Councilwoman Carlina Rivera, who is running in the packed Democratic race for New York’s 10th Congressional District, was endorsed Tuesday by the Transport Workers Union of America and its local chapter, building on sturdy labor support she has corralled behind her campaign.
Rivera, a Manhattan Democrat, is seen as one of several leading contenders in the district, which spans from the West Village in Manhattan to Bensonhurst in Brooklyn. Early this month, she was endorsed by 1199 SEIU United Healthcare Workers East, the city’s largest union.
Tony Utano, the president of Local 100 of the Transport Workers Union, which represents New York subway and bus workers, said in a statement that Rivera would bring a “dose of much needed blue collar perspective” to Washington.
“We need a congresswoman who has the ideas and vision necessary to get New York back on track,” Utano said in the statement. “Carlina has demonstrated great knowledge and commitment to working with our union to protect, create and improve transportation jobs.”
Local 100 represents about 42,000 transit workers and is based in Brooklyn Heights, within the 10th Congressional District.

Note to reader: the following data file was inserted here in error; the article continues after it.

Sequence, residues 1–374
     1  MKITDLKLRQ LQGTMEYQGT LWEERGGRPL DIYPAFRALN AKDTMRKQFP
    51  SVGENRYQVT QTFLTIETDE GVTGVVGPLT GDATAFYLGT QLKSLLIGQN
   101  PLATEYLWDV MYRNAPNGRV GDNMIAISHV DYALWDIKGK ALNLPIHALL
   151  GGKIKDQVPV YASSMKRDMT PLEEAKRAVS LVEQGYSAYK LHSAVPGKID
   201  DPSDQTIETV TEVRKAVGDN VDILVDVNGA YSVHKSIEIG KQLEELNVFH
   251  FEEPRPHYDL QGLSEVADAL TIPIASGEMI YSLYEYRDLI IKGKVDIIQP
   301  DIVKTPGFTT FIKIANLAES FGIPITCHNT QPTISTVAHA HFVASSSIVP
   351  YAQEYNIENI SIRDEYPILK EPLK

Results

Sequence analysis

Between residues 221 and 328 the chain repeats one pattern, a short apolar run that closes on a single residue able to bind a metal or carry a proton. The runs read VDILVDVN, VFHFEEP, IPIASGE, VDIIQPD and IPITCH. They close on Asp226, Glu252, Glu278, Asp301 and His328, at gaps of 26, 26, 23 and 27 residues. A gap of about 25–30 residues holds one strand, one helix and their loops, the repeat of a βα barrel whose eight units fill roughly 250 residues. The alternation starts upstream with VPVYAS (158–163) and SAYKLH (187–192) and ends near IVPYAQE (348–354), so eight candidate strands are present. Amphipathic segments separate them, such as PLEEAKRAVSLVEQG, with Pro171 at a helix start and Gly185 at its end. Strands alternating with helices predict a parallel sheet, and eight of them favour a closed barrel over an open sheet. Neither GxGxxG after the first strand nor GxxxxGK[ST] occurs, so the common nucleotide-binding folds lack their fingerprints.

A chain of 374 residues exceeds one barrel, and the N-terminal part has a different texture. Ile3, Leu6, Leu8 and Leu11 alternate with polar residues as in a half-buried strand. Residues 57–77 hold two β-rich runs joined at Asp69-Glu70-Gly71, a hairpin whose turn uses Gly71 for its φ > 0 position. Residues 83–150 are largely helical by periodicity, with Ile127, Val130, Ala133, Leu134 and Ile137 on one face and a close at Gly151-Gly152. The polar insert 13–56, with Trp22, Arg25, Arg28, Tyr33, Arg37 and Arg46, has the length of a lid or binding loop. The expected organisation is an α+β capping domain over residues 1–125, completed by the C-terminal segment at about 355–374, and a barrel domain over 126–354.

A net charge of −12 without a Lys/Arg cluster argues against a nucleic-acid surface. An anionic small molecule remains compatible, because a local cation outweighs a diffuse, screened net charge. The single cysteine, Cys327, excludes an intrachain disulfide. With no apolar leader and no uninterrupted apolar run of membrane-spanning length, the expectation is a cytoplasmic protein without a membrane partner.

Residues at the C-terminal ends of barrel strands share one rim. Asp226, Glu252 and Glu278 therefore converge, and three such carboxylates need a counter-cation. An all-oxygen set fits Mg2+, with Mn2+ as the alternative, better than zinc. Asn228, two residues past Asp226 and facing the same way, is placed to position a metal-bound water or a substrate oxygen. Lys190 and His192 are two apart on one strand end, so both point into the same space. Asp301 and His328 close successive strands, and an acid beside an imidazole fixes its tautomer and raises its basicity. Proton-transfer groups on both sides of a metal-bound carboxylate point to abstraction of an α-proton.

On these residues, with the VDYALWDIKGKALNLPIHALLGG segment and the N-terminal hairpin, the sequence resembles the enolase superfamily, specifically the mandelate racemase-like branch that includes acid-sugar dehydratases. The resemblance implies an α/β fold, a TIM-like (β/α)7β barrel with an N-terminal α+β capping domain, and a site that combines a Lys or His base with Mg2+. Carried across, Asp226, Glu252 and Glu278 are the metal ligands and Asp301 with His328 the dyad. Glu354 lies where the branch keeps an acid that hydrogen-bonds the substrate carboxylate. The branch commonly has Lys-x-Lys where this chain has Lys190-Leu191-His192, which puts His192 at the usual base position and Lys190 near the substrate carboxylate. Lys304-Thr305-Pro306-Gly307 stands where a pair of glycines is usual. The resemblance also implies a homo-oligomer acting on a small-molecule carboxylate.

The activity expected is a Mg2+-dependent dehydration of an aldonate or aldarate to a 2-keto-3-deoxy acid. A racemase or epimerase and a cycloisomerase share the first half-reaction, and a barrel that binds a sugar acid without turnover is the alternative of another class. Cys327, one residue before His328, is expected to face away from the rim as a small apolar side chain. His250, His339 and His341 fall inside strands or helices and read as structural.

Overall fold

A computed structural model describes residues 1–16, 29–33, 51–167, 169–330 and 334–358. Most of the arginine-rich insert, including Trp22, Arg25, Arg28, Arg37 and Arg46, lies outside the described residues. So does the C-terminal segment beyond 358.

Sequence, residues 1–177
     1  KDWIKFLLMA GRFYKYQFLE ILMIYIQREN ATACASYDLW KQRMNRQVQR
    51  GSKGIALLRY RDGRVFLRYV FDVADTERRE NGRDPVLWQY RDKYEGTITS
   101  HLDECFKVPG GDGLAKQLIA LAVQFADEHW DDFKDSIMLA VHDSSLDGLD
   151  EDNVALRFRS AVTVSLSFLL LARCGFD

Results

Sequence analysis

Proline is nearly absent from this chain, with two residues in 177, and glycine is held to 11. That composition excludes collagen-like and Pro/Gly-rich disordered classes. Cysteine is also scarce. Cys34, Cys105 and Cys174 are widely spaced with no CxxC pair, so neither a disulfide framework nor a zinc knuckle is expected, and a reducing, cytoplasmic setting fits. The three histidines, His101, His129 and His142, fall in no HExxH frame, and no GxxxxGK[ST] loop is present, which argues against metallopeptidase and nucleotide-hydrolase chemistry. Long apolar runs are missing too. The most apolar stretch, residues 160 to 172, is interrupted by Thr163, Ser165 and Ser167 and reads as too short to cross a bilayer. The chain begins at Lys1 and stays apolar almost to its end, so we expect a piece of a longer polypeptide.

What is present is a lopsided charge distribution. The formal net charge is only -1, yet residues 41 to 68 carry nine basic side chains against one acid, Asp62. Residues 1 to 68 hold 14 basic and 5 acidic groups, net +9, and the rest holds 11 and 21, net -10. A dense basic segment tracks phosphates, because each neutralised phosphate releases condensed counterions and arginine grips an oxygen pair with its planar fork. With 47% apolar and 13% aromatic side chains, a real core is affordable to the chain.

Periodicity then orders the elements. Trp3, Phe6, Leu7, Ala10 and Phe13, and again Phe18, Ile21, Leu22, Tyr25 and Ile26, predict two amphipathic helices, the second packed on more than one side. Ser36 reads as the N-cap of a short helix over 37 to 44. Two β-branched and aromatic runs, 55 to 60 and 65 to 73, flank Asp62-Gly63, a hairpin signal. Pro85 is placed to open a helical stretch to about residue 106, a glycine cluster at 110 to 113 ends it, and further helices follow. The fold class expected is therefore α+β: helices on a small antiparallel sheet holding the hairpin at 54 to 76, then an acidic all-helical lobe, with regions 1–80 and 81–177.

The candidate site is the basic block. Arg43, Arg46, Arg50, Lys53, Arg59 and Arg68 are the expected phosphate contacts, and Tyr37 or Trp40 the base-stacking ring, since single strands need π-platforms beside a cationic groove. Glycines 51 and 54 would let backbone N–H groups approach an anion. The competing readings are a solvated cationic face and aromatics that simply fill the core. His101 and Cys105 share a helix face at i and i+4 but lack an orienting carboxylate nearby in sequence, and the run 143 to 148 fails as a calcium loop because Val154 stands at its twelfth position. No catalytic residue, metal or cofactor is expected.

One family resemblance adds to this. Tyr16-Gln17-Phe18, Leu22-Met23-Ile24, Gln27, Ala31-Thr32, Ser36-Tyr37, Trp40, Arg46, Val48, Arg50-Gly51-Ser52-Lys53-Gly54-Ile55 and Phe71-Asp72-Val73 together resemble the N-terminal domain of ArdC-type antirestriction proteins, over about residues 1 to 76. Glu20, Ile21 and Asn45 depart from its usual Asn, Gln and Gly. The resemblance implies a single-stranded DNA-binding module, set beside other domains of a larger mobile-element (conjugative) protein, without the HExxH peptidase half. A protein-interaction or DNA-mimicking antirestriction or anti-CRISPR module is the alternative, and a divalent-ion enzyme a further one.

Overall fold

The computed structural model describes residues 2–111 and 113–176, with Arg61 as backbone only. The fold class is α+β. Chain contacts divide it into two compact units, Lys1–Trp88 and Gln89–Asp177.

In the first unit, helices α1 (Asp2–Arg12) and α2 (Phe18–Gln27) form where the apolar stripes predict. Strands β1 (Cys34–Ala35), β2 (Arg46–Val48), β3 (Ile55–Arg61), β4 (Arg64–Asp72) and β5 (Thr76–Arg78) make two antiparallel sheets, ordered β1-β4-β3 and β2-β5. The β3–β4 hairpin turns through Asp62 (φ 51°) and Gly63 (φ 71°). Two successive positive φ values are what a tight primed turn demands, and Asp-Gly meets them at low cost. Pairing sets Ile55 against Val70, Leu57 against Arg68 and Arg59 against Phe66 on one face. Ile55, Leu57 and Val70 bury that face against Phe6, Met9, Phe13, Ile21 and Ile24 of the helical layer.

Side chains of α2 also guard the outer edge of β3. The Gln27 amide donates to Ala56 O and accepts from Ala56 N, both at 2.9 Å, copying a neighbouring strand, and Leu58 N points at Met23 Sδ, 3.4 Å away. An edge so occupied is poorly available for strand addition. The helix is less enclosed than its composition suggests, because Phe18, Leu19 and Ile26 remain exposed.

In a statement, Rivera said she was “so proud” to have the backing of “everyday heroes that keep us all moving.”
“Working people across this country deserve champions in Congress to fight for pro-worker and pro-union policies,” she said in the statement. “I take TWU’s trust in me to deliver for workers across the country with the utmost seriousness and respect.”
Rivera, who was raised on Manhattan’s Lower East Side by a single mother from Puerto Rico, dealt former Mayor Bill de Blasio a blow earlier in the race when she picked up Local 1199′s endorsement.
The health care workers’ union helped push de Blasio into City Hall in 2013, and its endorsement of Rivera signaled that labor was leaning away from the former mayor as he ran for the House seat.
He exited the race last week, accepting that his weak poll numbers made his path untenable.
Also running in the district: state Assemblywoman Yuh-Line Niou, a Manhattan progressive backed by the Working Families Party; Rep. Mondaire Jones, a Westchester congressman who moved to Brooklyn after he was drawn out of his district; and Daniel Goldman, a Manhattan lawyer who led the first House impeachment inquiry into former President Donald Trump.
Primary Day is Aug. 23.
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